This is an example of properly shingled through-wall flashing system. As you can see here, the black flashing is on top of the brick ledge. It goes up onto the framing, and is behind the weather-resistive barrier(WRB) (white sheet folded out of the way near top of photo). When the WRB is folded down, it will protect the sheathing from moisture damage due to capillary action.
Failed sealant in need of replacement
Improper design and installation
Damage due to improper installation
This picture clearly displays a problem that we call mortar bridging. This occurs when sloppy workmanship results in mortar getting behind the brick. The problem is that this prevents water from freely draining out of the wall system. In fact, it even bridges the gap between the brick and the framing, allowing water to wick into wood materials, causing lots of problems.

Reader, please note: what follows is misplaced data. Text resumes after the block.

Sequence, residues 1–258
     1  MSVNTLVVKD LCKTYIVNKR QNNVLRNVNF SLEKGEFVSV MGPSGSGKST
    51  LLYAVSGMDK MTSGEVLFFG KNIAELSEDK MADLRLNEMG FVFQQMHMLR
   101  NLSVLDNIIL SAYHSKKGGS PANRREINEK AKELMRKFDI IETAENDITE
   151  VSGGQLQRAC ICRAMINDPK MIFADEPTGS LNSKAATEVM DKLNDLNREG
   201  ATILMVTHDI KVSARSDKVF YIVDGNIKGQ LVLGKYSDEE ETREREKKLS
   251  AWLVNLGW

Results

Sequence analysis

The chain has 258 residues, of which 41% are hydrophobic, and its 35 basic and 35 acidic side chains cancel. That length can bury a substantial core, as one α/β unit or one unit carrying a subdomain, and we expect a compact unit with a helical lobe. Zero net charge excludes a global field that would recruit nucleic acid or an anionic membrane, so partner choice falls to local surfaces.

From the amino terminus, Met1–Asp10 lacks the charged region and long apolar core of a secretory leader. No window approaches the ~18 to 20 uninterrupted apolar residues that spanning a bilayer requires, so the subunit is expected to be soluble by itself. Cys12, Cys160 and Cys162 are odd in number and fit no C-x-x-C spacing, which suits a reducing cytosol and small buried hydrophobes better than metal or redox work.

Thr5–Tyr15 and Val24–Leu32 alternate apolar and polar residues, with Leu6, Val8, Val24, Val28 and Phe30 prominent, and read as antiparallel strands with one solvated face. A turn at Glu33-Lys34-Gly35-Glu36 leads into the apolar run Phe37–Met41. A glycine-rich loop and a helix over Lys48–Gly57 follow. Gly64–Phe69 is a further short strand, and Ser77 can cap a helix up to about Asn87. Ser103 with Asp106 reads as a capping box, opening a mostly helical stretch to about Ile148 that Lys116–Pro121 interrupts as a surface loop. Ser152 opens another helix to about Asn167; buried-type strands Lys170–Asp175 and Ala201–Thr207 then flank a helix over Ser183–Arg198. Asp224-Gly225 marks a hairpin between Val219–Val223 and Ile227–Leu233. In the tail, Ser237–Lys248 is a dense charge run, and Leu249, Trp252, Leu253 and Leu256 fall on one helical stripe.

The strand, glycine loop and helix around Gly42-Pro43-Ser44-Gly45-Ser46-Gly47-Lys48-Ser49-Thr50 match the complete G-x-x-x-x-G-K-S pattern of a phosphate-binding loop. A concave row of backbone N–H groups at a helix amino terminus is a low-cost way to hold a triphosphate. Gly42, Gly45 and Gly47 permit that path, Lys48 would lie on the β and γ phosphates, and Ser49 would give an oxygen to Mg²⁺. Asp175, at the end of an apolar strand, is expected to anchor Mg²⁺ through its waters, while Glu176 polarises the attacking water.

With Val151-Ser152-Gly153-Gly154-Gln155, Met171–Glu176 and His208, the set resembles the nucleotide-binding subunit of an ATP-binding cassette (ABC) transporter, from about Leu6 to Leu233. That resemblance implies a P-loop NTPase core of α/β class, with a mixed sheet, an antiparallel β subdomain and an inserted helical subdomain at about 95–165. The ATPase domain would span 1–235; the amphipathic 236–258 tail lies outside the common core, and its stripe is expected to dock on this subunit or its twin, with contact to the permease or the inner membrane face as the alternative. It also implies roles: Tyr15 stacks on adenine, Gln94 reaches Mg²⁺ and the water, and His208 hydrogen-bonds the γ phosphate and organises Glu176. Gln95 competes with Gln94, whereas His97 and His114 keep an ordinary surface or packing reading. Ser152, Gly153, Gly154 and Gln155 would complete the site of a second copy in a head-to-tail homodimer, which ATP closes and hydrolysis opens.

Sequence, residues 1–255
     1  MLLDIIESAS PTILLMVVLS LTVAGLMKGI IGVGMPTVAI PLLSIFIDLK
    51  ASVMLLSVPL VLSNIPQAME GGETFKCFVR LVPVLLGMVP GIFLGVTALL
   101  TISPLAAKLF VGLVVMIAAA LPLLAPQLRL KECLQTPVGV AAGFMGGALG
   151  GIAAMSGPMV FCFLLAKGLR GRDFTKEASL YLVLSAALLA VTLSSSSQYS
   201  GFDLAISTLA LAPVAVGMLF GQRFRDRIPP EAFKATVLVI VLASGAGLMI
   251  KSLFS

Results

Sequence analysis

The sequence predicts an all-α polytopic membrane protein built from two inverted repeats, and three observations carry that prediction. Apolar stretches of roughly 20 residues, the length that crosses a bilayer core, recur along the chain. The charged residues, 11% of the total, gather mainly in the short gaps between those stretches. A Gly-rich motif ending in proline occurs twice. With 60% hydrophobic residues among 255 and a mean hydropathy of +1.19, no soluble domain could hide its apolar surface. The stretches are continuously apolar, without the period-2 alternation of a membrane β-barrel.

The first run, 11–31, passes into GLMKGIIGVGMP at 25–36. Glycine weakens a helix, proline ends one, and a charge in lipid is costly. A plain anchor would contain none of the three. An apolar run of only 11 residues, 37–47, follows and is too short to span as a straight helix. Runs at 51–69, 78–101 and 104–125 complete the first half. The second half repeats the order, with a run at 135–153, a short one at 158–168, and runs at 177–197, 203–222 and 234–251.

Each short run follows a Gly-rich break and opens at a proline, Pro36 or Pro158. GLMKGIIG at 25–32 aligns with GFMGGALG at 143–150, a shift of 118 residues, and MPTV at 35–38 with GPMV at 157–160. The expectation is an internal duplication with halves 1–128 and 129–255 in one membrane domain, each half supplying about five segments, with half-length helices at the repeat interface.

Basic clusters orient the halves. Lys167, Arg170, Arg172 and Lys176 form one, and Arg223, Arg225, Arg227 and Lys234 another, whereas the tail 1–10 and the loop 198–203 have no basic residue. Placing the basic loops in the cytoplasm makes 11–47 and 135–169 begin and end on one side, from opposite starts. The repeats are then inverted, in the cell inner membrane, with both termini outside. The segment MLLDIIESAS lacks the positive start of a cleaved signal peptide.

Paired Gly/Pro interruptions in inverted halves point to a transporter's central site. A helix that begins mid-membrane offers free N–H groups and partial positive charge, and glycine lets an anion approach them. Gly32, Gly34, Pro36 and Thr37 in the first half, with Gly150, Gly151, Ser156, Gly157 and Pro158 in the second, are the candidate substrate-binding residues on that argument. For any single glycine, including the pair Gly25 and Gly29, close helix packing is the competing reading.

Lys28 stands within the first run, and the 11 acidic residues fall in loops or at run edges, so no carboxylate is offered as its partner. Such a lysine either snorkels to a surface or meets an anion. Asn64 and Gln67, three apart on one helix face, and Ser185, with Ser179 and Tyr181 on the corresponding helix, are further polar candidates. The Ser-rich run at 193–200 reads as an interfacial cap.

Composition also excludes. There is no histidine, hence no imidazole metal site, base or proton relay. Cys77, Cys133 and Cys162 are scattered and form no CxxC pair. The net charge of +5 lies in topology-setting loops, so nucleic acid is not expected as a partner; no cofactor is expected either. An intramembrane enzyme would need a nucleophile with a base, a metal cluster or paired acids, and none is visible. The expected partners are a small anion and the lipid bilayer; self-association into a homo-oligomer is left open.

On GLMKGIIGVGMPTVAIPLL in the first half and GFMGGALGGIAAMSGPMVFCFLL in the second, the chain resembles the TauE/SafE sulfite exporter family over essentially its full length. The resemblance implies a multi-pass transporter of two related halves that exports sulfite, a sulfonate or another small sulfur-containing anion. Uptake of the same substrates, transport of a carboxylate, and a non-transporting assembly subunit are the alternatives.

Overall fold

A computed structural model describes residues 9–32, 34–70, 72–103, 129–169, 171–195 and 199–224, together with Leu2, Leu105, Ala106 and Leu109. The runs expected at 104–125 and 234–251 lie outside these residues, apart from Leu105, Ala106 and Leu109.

Building codes require that weep holes - holes placed at the base of a masonry wall - be spaced every 16 to 32 inches on center. Here you can see that these weep holes (where the holes are at) are placed directly above the through-wall flashing. If water gets behind this brick, it can freely drain down and be wicked out through these ropes to daylight.
Failed sealant, allowing water to infiltrate the wall
This picture shows what happens when the weep holes get plugged. You can see here that there is water trapped at the base of this brick-veneer wall. It will eventually leak through the building paper and cause moisture problems.
An improper installation of a stainless steel flashing is shown in this image. The edge is held back from the face of the wall. This will allow water that collects on the flashings to run around the edge of the flashings and back into the wall.